The New York Times has been the abortion movement’s most powerful and faithful megaphone over the decades. But on the very day the Supreme Court took up oral arguments in a major case that could unravel Roe, The Gray Lady published a lengthy requiem of the pro-abortion movement itself.
Its appearance is a dramatic mood indicator of the pro-abortion movement, writ large. That mood is decidedly dark. Written by Amy Littlefield, whom the Times refers to as “the abortion access correspondent” for the historically liberal magazine The Nation, this detailed and lengthy piece could be seen as the first draft of the “What went wrong with abortion?” story in the United States.
The Times ruefully admits, “The Supreme Court, with its three Trump-appointed justices, appears willing to decimate, if not overturn, Roe. And the abortion-rights movement and its supporters in the Democratic Party have failed to stop this from happening.” Before SCOTUS has even rendered a verdict in the Mississippi case, Littlefield recognizes that the so-called “pro-choice” movement is now “being forced to reckon with its mistakes.”
And those mistakes are admittedly profound.
Littlefield begins her catalogue when more than 600 abortion clinics around the country, along with their biggest political allies, seriously botched a critical September 2 strategy Zoom meeting in response to the Supreme Court’s refusal to block the Texas Heart Beat Bill. The call had to be abruptly canceled and apologized for because an unknown participant uttered a racial slur and asked to speak to “the man in charge.” One of these call’s leaders declared, “We should actually cancel this call, and let’s shut it down. It’s been compromised.”
But mistakes made go much deeper, and are far more consequential, than this.
First is the recognition that the pro-abortion move had been put in a deeply unsettling defensive position for many decades now by an increasingly smart and effective pro-life movement. They quote one activist from the group SisterSong as complaining, “I think that when you’re in a defensive position, it’s hard to not be last-minute. You’re having to play catch-up all the time,” adding, “when you’re constantly fighting, it’s hard to be proactive and to think long term.”
Working from interviews with more than 50 leading abortion advocates and legal experts across the country, the Times explains the movement’s chief mistake was neglecting organizing at the local and state levels in favor of a more fly-over, national strategy that was woefully unsuccessful in defending abortion through federal courts and policy.
This oversight “opened the door to states chipping away at abortion access through incremental restrictions — a trend that accelerated after the 2010 midterm elections, when a Tea Party-backed wave swept state legislatures.” The Times laments the failure, “Investing in states matters because states are often laboratories for a movement’s boldest ideas” such as the innovative pro-life Texas Heart Beat Bill.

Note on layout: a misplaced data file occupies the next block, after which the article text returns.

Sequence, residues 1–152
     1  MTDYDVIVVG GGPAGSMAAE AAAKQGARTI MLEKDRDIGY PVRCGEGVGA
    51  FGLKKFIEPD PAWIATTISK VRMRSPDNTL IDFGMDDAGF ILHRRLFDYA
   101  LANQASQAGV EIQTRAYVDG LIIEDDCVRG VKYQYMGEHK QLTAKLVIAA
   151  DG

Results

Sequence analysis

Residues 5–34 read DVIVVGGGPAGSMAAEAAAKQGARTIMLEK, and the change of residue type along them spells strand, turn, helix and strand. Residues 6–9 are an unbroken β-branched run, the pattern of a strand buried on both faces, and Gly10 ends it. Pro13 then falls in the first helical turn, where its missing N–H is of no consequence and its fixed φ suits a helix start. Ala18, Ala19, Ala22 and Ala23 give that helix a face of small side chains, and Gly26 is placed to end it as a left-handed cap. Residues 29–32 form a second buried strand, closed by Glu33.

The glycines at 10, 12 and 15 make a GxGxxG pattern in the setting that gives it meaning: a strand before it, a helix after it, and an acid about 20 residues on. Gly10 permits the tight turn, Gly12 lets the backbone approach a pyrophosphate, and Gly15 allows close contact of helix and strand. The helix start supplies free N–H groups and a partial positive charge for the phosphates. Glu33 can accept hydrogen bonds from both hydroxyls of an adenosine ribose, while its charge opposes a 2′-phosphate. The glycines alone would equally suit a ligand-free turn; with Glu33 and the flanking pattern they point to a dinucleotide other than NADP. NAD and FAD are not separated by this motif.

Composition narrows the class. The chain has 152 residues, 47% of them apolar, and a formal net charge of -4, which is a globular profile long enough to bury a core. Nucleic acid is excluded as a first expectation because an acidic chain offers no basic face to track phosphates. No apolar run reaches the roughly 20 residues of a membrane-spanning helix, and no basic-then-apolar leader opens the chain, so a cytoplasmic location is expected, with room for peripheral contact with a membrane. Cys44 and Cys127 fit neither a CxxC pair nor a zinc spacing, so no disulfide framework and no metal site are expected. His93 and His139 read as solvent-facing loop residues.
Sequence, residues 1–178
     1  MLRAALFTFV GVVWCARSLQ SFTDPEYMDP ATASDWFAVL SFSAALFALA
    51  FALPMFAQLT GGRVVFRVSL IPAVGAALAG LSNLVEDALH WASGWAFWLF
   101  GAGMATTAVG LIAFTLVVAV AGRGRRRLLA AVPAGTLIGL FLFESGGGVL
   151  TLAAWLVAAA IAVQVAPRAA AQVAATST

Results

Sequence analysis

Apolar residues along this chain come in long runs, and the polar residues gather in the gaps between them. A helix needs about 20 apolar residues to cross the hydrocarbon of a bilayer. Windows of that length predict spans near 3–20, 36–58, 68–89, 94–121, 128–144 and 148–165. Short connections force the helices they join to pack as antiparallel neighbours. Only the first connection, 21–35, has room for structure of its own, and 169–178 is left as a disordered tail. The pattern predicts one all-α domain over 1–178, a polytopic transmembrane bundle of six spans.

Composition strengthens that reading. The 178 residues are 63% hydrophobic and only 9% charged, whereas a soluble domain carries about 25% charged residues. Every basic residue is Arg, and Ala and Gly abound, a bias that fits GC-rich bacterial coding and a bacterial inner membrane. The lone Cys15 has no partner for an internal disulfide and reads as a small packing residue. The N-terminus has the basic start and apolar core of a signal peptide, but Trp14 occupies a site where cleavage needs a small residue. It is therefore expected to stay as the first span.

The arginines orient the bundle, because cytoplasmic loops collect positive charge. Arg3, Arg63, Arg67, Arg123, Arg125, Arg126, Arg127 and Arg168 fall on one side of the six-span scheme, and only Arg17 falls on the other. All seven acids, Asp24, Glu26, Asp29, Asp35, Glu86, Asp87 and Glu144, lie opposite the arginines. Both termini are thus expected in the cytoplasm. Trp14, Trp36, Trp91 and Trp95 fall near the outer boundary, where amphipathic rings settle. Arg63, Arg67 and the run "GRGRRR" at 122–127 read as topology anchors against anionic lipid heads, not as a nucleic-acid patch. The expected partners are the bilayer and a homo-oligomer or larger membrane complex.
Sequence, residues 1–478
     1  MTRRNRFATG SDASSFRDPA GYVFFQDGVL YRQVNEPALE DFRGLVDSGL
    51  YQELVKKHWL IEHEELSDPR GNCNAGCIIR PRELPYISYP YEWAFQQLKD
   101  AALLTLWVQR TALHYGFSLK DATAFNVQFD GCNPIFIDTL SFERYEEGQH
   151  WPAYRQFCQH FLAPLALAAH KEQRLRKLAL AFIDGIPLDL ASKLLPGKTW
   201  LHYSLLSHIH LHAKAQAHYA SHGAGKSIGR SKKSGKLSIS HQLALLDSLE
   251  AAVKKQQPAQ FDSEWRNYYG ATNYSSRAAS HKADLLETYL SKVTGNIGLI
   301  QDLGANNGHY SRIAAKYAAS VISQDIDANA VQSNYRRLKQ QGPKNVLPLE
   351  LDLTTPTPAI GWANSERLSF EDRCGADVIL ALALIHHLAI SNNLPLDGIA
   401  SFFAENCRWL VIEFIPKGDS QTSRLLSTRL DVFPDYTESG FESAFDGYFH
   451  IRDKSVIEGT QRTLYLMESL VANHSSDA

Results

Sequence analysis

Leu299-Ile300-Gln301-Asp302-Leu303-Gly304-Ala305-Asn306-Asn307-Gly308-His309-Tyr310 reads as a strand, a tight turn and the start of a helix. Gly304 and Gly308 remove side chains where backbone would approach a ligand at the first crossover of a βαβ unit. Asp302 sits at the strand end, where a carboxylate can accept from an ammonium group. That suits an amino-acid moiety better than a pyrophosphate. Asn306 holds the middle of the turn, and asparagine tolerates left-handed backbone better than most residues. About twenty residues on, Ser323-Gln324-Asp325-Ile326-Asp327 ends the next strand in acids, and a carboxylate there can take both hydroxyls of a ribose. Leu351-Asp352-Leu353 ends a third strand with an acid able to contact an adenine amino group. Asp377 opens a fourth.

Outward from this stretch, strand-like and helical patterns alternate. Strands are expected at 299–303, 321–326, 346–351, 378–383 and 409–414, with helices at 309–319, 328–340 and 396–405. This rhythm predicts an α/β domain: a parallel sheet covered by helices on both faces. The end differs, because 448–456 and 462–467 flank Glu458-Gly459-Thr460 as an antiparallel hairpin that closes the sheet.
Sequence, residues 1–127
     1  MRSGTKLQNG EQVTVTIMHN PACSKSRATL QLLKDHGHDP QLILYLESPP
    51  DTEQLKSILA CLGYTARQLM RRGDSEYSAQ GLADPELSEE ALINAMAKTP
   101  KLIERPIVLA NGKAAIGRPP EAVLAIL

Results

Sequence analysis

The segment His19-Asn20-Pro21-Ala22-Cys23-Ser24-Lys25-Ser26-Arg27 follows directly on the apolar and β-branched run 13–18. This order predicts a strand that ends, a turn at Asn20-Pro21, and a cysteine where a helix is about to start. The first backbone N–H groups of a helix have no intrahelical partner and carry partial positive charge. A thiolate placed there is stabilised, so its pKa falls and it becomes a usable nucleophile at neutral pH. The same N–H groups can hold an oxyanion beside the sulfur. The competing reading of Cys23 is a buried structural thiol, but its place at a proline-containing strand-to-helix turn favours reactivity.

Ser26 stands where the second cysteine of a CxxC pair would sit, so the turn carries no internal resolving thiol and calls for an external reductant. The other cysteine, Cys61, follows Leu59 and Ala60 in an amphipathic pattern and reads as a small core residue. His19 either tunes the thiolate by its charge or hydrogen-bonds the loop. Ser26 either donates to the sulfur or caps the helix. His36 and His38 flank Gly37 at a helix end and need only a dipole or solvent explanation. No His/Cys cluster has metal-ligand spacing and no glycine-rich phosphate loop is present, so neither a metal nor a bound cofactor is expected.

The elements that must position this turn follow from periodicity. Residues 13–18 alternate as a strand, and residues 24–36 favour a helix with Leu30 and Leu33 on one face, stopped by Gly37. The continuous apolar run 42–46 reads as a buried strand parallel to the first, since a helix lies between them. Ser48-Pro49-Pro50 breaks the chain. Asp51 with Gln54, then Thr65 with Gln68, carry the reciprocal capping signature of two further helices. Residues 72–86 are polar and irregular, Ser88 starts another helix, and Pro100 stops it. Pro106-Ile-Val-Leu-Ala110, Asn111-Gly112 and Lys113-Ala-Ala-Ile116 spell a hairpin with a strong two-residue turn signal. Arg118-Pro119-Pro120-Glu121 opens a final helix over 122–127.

This allowed the pro-life movement to blossom at the grass-roots level while the pro-abortion effort grew fat and lethargic. The Times noted that the National Right to Life Committee had a staggering 3,000 local chapters by the late 1970s and only continued to grow in effectiveness in the following decades. Meanwhile NARAL, a leading abortion advocacy organization “devoted so few resources to its state affiliates that by the 1990s its national field department quit in protest.” Their local affiliates shrank to only 11 and then finally fizzled out this summer, according to the Times.
It is admitted that the local fight had largely been ignored in the pro-abortion strategy, while the pro-life effort excelled there. U.S. states enacted 1,336 pro-life statutes since 1973. This meant that Planned Parenthood, who only employed a single attorney in the 1980s, had to hire 16 more who, even now, are “dealing with about 40 open legal cases” at the state level.
The Times admitted that the “national movement’s strategy of relying on the courts as a firewall meant that advocates were often playing Whac-a-Mole against the growing onslaught of anti-abortion laws coming out of the states.” They also observed, “In the decades since Roe was decided, the pro-choice movement’s fears and weaknesses emboldened the other side. While national abortion-rights groups shied away from many state fights, their opponents took control of state legislatures and gerrymandered districts to lock in control.”
The Times admits that much of the pro-abortion movement is in tatters with “painful divisions that these leaders must heal — between black women and white women, between national groups and state ones, and between those who couldn’t imagine how catastrophically the nation’s political institutions would fail, and those who knew that they would.”
And all because faithful men and women, boys and girls, with deep pro-life conviction stepped up and strategically worked their fingers to the bone, at great personal cost, at the community level. That work has, and is now, paying massive dividends for Life.
Photo from Shutterstock.